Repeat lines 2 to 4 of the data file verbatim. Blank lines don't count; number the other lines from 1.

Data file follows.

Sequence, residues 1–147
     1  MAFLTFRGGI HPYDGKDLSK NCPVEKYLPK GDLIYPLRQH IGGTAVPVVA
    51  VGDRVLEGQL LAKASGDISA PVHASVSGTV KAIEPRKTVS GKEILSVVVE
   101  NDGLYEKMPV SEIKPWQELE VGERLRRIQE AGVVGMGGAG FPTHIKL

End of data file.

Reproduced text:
     1  MAFLTFRGGI HPYDGKDLSK NCPVEKYLPK GDLIYPLRQH IGGTAVPVVA
    51  VGDRVLEGQL LAKASGDISA PVHASVSGTV KAIEPRKTVS GKEILSVVVE
   101  NDGLYEKMPV SEIKPWQELE VGERLRRIQE AGVVGMGGAG FPTHIKL